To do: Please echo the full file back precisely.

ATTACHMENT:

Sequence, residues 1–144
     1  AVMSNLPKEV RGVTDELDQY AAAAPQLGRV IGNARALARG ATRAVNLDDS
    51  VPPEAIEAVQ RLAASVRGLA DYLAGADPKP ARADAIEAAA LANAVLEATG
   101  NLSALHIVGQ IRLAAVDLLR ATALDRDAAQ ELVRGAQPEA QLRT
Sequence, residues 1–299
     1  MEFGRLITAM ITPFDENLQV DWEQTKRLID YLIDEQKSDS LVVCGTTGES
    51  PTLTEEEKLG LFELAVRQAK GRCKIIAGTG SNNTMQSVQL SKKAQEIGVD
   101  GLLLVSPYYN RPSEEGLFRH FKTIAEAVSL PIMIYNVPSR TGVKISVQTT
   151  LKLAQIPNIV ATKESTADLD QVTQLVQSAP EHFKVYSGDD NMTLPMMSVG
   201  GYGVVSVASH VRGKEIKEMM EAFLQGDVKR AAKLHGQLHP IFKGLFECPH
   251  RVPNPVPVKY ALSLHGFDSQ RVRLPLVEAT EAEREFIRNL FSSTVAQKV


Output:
Sequence, residues 1–144
     1  AVMSNLPKEV RGVTDELDQY AAAAPQLGRV IGNARALARG ATRAVNLDDS
    51  VPPEAIEAVQ RLAASVRGLA DYLAGADPKP ARADAIEAAA LANAVLEATG
   101  NLSALHIVGQ IRLAAVDLLR ATALDRDAAQ ELVRGAQPEA QLRT
Sequence, residues 1–299
     1  MEFGRLITAM ITPFDENLQV DWEQTKRLID YLIDEQKSDS LVVCGTTGES
    51  PTLTEEEKLG LFELAVRQAK GRCKIIAGTG SNNTMQSVQL SKKAQEIGVD
   101  GLLLVSPYYN RPSEEGLFRH FKTIAEAVSL PIMIYNVPSR TGVKISVQTT
   151  LKLAQIPNIV ATKESTADLD QVTQLVQSAP EHFKVYSGDD NMTLPMMSVG
   201  GYGVVSVASH VRGKEIKEMM EAFLQGDVKR AAKLHGQLHP IFKGLFECPH
   251  RVPNPVPVKY ALSLHGFDSQ RVRLPLVEAT EAEREFIRNL FSSTVAQKV